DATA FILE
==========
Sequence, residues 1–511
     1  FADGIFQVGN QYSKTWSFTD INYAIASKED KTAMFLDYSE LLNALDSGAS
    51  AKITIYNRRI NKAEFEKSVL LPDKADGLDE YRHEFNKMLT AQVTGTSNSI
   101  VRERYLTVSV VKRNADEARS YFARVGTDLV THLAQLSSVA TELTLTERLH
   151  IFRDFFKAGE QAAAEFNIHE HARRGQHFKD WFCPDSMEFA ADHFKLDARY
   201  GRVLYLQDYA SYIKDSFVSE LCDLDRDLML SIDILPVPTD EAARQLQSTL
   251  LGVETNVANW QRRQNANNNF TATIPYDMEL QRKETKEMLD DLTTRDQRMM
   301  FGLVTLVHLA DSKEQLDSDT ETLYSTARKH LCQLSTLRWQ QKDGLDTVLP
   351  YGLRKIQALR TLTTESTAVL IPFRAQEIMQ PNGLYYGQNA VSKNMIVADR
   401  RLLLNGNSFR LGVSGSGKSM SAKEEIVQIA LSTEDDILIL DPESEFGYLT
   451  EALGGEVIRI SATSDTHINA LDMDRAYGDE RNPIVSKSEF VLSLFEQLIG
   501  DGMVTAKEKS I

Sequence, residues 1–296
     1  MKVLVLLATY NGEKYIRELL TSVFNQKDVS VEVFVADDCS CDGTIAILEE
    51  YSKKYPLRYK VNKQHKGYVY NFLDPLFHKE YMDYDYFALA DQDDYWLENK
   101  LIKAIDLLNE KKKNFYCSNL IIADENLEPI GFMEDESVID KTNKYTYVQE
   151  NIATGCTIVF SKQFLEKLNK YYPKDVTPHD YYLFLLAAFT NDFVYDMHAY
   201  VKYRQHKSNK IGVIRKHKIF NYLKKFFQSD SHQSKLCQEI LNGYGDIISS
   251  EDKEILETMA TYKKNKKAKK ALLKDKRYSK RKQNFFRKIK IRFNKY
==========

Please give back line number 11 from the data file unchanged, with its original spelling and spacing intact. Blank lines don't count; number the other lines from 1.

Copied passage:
   451  EALGGEVIRI SATSDTHINA LDMDRAYGDE RNPIVSKSEF VLSLFEQLIG